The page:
Chambers Fine Art’s most recent exhibition presented the work of a set of seven not-before-seen artists under the arc of a simple premise: 'make something new.' Of all the attempts to dissolve curatorial interventions that go on, this offered perhaps an easy solution – new artists + new work; no background concept to run with or discard when looking at it. On show were pieces using photography, video, pencil, painting and ink.
There was engaging variety between works that share the same medium, namely the paintings. Yang Dawei has created a beautiful painted surface in Red Landscape, an oil painting with the horizon line right at the top, above which lie the outlines of low-slung pitched-roof buildings. The main ground is filled with a tapestry of red blotches and connecting lines that from afar look like a crop of poppies rendered in an abstract way. In the second room, Zeng Yang’s odd circular canvases (2.3 metres in diameter) were highly personalised spirals of, one suspects, a mixture of real things, memories and personal conjurings, melded together on a mental plane. The drawing style is cartoon-like, employing strange swelling and shrinking scales rendered in blackish and grey tones. Easier on the logic, perhaps, are two more paintings by Yang Dawei, Swimming Pool -- featuring trippy luminous green water and yellow decking reminiscent of Hockney -- and Forest, which might remind some of Zeng Hao’s recent offering at BCA. Stealing the show in this room, however, and arguably the other as well, was a skillful seven-panel landscape drawing by Zhang Dun. Described in the exhibition text as ‘elegant and rational', this shows a wonderful piece of draughtsmanship in which the artist has depicted a desolate scene of train tracks, dormant buildings, trees and open gates and fences in the snow. The solid forms are drawn with taut line and perspective, but it is the snow that lies around them and the subtle, untraversed dips and imprints in it that are so sensitively and patiently drawn.
There was one piece by Su Zhiguang. If the word ‘heterodoxy’ – the title of this ink painting – could be expressed visually, perhaps this is how it would look: a vastly intricate, abstract knot of pattern that in places seems to threaten to morph into a kind of monster or rampant plant: definitely against the imposed order of orthodoxy of whatever kind one might choose. Floating on a dull brown background, this dark green, festering thing is introverted and unresolved, pursuing directions that lead in on themselves and engender hundreds of tiny lines. Against this entanglement, four digital prints by Zhu Changhai place objects like a Buddha statue on a spinning turntable and are somewhat repetitive – slick but lacking a deeper ‘hook’ for the viewer beyond pure kinetics. The show’s only video piece held attention for the stories it related, though the visuals, again, might not draw the gaze. In Family Album, Ye Funa lifts photographs from family albums, employing actors who don old clothes and stand against old backgrounds from the times of the photos, acting as the people in them. The actors stay quite still save for minor facial expressions and their mouths, which mime speech as the voices of old people – they of the original portraits – are dubbed on top. The seventh artist in the exhibition was Mi Mai, who creates brightly-coloured abstract inkjet compositions that are reminiscent sometimes of satellite maps or stellar constellations; their splintered splashes of pigment are made using an original technique devised by the artist.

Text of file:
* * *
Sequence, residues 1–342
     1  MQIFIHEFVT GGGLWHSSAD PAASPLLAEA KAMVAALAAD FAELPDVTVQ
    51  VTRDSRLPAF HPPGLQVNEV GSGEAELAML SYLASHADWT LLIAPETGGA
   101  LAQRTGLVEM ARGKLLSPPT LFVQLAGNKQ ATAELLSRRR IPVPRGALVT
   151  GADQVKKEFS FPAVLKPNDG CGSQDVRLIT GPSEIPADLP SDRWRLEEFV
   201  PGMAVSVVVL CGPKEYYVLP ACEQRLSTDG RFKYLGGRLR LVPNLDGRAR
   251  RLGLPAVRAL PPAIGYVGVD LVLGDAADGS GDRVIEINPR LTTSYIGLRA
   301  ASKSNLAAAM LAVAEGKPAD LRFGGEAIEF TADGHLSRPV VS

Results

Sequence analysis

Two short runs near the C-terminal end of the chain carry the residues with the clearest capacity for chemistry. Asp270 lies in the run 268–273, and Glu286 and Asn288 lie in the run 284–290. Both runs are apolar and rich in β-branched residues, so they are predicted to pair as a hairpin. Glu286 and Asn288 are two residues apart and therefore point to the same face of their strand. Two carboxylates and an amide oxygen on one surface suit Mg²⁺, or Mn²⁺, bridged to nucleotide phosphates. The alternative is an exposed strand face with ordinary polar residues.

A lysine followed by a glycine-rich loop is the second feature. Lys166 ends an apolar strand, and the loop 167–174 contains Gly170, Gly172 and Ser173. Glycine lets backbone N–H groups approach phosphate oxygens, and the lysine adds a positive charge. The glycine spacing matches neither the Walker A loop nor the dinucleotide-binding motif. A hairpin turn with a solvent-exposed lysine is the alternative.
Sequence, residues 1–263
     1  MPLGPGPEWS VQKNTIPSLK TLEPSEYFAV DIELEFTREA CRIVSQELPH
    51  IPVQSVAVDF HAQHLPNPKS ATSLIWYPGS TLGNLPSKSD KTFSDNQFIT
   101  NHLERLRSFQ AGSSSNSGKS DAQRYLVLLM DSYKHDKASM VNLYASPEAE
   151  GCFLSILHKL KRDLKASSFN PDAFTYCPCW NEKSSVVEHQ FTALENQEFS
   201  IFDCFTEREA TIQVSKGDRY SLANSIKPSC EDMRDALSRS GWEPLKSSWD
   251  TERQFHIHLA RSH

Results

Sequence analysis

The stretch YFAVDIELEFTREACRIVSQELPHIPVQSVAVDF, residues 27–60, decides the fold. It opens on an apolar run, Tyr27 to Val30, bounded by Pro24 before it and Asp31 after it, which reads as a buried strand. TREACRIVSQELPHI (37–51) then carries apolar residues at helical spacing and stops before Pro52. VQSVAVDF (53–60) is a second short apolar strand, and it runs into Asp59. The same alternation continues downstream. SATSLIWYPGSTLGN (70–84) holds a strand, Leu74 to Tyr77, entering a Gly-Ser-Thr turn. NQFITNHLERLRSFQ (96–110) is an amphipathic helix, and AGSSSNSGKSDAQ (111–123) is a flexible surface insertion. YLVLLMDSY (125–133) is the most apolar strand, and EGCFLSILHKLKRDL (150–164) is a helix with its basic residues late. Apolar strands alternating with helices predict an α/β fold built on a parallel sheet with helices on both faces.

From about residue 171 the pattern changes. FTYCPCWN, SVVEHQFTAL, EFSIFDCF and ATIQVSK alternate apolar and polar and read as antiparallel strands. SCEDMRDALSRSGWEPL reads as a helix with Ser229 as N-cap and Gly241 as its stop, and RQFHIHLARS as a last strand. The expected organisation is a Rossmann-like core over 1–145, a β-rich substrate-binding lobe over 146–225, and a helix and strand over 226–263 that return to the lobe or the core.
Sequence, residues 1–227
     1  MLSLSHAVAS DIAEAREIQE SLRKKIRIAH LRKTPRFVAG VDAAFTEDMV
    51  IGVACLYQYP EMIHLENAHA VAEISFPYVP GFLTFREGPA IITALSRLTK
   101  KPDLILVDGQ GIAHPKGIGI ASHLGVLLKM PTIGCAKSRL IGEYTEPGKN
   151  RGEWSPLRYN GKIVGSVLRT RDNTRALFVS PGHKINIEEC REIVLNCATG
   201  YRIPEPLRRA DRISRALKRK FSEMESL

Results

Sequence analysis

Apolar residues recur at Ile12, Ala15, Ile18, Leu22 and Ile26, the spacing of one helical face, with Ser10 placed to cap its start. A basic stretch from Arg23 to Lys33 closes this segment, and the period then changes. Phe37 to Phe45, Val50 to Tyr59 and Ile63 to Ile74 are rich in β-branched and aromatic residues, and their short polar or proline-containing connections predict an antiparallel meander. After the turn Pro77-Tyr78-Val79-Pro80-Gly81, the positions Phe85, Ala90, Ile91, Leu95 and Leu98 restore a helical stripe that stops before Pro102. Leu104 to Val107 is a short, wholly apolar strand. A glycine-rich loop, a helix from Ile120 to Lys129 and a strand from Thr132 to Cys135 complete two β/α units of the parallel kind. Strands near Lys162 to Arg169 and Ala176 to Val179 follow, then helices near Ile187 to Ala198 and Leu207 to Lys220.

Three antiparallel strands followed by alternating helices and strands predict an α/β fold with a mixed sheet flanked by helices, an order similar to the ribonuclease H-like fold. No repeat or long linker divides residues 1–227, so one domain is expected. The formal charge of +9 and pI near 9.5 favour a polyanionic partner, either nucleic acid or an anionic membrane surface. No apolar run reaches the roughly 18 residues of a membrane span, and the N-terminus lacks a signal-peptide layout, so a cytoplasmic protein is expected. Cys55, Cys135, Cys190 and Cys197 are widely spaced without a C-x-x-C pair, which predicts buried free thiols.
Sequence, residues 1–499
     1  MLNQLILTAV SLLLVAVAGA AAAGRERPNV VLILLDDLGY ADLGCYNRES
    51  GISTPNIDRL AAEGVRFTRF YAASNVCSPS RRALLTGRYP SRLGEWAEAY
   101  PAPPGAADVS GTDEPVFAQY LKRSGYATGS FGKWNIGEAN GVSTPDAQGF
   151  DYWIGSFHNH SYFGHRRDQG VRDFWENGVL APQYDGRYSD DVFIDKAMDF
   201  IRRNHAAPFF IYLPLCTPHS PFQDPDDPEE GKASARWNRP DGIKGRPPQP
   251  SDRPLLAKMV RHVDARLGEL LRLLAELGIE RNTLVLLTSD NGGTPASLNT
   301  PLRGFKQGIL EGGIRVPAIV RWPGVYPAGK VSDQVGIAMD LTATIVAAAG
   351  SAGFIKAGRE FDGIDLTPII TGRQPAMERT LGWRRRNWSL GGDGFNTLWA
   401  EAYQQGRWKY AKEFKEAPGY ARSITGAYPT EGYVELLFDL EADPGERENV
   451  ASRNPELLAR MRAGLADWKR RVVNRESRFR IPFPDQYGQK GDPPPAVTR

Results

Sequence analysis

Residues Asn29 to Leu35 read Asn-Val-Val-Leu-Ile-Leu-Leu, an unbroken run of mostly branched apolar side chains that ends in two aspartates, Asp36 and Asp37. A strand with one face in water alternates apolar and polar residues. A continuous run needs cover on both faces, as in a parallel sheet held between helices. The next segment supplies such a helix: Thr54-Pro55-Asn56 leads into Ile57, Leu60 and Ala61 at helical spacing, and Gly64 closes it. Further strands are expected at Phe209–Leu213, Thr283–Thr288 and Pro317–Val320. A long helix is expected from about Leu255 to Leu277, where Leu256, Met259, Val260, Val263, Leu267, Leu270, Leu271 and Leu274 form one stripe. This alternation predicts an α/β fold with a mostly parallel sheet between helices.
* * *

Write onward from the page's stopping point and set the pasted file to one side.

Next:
-- Iona Whittaker
(All images courtesy of Chambers Fine Art and the aritsts.)